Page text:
“ Social Media influencers…cannot and will not be regarded as journalists” Press Association says

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With the curtains closed on the Department of Public Affairs World Press Freedom Day national conference and symposium, the Guyana Press Association has weighed in on the initiative.

In a press release from the Office of the Prime Minister, it was stated that the two day event which began on May 3 and concluded on the 4th, sought to bring together industry practitioners and stakeholders to have discussions on the global theme for this year, ‘Journalism under surveillance’ and Guyana’s national sub theme: ‘Partnerships in Communication for Development (C4D).

However, in a press release the Guyana Press Association criticized the initiatives perceived undertones to the selection of panelists.

Read full Press Release:

The Guyana Press Association (GPA) takes note of the deliberations during the two-day government- sponsored and organised conference on the media.

We wish to state the following:

  1. Freedom of expression is a fundamental human right as enshrined in Guyana’s Constitution and the Universal Declaration of Human Rights.
  2. Based on utterances from a number of government officials including its panelists, the undertone appeared to be engaged in self-censorship under the guise of “responsibility” and “good”. In this regard, we commend the globally recognised Journalism Ethics, Principles and Codes of Conduct.
  3. Much of the debates and disagreements at the conference appeared to stem from the decision by the organisers to conflate journalism, public relations practice and social media influence. Whether or not this was the intent, it was a grave error as each category of communication has its own role.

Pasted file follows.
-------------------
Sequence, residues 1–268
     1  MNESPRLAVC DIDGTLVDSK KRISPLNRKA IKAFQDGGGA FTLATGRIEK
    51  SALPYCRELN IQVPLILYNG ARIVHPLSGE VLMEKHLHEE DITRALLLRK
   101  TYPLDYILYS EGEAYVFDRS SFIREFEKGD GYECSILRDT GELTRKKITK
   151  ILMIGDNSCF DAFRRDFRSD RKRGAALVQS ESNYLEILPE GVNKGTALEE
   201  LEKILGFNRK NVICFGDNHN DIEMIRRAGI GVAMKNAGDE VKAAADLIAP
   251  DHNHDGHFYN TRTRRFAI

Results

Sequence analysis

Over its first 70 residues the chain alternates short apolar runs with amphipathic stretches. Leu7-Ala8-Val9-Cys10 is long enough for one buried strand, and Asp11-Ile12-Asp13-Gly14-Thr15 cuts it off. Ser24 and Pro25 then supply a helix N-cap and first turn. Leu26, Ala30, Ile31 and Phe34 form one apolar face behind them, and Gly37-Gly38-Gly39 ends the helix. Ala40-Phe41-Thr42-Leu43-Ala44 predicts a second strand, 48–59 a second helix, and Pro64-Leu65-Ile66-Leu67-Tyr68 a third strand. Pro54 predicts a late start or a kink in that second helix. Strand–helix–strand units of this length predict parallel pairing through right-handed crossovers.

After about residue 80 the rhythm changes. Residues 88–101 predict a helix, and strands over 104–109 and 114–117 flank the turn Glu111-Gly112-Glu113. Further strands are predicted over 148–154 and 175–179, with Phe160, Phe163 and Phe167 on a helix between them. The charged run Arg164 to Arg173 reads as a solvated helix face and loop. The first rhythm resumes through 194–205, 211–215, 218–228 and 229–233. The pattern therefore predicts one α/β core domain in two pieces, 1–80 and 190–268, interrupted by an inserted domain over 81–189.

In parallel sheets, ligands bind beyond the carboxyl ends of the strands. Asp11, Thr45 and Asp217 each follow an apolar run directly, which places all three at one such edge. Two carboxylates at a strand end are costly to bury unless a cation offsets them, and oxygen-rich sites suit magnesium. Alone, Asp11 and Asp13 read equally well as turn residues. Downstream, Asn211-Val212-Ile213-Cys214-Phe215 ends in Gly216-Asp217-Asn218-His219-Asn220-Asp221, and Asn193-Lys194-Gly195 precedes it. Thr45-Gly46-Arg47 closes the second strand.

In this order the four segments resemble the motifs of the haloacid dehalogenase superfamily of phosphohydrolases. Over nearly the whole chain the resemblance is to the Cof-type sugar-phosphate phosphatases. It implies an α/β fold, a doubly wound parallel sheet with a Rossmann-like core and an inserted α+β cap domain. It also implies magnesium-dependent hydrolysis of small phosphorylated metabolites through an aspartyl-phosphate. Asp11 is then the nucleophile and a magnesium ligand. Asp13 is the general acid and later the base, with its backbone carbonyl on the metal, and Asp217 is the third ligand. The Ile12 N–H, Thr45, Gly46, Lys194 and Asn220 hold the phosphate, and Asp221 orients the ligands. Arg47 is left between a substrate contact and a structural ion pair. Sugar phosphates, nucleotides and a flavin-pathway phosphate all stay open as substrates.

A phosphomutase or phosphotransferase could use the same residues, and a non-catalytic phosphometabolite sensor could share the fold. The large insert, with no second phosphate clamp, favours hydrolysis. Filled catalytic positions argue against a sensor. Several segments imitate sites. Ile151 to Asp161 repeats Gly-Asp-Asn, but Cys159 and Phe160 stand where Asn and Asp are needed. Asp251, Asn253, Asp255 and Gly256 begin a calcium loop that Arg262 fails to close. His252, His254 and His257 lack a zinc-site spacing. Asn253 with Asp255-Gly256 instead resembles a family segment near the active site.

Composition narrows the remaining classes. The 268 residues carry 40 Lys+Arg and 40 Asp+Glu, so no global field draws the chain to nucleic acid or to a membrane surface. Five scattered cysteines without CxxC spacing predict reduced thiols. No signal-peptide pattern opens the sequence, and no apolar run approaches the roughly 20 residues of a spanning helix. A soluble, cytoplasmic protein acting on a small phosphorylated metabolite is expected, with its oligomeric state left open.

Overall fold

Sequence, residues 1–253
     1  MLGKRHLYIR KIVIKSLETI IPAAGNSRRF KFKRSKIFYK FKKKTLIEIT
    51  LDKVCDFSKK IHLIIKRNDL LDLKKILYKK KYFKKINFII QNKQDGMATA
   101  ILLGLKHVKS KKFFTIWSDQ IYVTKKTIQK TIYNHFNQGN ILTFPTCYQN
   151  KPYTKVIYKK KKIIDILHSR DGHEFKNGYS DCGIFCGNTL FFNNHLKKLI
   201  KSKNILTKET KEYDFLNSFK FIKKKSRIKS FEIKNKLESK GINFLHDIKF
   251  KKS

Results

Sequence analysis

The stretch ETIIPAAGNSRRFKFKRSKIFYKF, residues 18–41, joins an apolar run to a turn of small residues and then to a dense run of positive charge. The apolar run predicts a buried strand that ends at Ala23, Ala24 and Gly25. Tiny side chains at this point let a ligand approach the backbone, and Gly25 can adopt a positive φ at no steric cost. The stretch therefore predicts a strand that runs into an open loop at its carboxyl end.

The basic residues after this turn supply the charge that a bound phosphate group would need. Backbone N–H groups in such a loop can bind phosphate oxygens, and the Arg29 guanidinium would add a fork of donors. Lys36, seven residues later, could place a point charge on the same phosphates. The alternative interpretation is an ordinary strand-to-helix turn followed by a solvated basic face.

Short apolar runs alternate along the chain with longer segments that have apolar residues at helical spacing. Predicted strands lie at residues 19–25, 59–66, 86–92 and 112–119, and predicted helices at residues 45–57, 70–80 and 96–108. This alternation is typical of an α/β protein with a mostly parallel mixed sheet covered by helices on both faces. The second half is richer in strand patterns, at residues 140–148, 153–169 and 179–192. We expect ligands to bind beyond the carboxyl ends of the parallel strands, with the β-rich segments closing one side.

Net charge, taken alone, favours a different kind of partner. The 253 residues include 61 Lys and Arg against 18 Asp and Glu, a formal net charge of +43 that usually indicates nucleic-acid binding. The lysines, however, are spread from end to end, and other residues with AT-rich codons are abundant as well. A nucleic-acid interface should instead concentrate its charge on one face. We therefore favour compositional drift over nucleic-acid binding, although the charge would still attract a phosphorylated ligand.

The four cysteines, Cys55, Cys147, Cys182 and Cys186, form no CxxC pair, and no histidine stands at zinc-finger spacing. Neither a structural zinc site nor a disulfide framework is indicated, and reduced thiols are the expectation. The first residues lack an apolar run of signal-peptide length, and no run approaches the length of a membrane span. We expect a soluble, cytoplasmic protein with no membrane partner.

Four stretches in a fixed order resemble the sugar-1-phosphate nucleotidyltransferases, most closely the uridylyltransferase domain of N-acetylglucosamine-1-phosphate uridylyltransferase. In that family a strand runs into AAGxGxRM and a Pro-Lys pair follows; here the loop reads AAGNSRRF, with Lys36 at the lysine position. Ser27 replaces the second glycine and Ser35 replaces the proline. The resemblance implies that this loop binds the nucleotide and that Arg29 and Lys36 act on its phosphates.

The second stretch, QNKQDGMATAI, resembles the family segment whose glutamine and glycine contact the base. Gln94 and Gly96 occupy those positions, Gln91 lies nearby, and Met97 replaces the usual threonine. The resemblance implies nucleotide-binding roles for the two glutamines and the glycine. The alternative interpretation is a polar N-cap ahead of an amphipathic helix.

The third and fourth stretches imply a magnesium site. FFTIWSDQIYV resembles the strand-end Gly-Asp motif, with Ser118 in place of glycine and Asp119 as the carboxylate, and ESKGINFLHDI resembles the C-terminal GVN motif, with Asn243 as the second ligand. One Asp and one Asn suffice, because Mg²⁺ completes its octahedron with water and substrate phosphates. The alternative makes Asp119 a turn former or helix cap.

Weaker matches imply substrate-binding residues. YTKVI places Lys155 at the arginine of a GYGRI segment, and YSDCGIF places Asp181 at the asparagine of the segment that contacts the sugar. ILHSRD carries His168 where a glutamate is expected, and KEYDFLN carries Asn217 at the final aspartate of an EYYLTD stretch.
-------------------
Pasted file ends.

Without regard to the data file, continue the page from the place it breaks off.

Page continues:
4. Social Media influencers, though they command some following, cannot and will not be regarded as journalists and they should never contemplate seeing themselves as such.
  5. If politicians across the divide claim to have any modicum of interest in improving the standard of journalism, then they ought to immediately cease utilizing social media influencers in the place of journalists. To continue doing so is to contribute to the degradation of journalism at the altar of expediency of reach, likes and shares. In this way, sections of the public are led to believe that such social media content is in keeping with globally accepted standards of journalism. Does this mean that anyone with a few followers, limited language competence, no regard for fact-checking etc. can be regarded by himself or herself and the public as a journalist because a politician uses him or her as an information conduit?
  6. The next national World Press Freedom Conference should be jointly organised with the Guyana Press Association and focus on journalism.
  7. We reiterate our support for media and communication training. However, we believe that these should be provided through the University of Guyana which is an accredited tertiary institution.
  8. Journalism cannot be confused or mixed up with specialised content on specific topics or projects. Media houses and government may wish to consider discussing how information products on specific projects and issues can be broadcast or published with the appropriate disclaimer so there is no confusion between paid content and journalism.

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